Like other legal proceedings, family law cases such as divorce or parenting time (formerly child custody) require evidence. Any evidence presented during a trial is thoroughly reviewed by a judge before making a final decision. At Strieker Law Firm, we always advise parties to consult with a family law attorney. However, understanding how to present evidence in family court can help you to better prepare for the journey ahead.
Illinois Rules of Evidence and How it is Used
Before presenting evidence in a family law case, it’s important to know the basic rules of evidence. In Illinois, any presented evidence must adhere to the following:
- Evidence must be relevant.
- There must be a foundation for evidence.
- Evidence must avoid hearsay.
- If using a witness, the witness can only testify if they have personal knowledge.
When Do I Need Evidence?
In a contested divorce, evidence can be used to help a judge make decisions on key divorce terms. This includes the division of marital assets, such as property, retirement accounts, or vehicles. Parties may also need to prepare and know how to present evidence in family court to modify a parenting-time agreement. In these instances, one parent may need to provide documentation or witnesses to demonstrate how they can provide for the child’s best interest.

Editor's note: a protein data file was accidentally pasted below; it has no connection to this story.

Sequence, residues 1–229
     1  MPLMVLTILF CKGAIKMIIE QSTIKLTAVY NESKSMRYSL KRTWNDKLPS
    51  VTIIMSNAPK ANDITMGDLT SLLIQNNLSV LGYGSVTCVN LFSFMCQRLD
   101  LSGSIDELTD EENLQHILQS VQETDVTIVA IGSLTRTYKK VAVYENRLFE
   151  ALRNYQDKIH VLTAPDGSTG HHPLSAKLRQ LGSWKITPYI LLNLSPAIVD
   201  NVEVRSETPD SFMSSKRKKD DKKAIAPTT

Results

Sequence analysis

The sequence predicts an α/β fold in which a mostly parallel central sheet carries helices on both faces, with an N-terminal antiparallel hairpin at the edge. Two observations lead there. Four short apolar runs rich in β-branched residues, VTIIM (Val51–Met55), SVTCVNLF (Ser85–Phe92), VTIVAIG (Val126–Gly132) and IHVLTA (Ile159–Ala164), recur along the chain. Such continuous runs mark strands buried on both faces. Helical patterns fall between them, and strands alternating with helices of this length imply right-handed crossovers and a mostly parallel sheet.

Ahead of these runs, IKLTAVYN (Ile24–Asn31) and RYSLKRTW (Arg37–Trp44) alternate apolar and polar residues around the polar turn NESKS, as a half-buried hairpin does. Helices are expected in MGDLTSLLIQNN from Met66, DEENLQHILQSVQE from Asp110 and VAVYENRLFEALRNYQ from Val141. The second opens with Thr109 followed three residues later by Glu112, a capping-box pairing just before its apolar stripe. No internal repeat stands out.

What Can Be Used As Evidence in Family Court?
Depending on whether the proceedings are for divorce or parenting time, several different items can be used as evidence. This includes expert witnesses, such as CPAs, real estate appraisers, private investigators, psychologists, and physicians. Evidence can also include documents like bank statements, letters, and emails. Attorneys can even present social media evidence to the court in the form of posts, photos, and videos. In certain disputes involving children, an attorney may also use school or medical records as evidence of the child’s well-being.
Understanding How to Present Evidence in Family Court
Attorneys often gather evidence for divorce and parenting time disputes during the discovery phase. The discovery phase takes place after one party has filed a petition for divorce or custody of the child. The evidence gathered during this phase can help one or both parties resolve disputed issues. While there are guidelines and resources available for parties to help gather and collect evidence, the best way to ensure that it is done correctly is to seek the counsel of a trusted family law attorney.
If you have questions or are looking for legal assistance, Strieker Law Firm can help. Contact us today to learn more.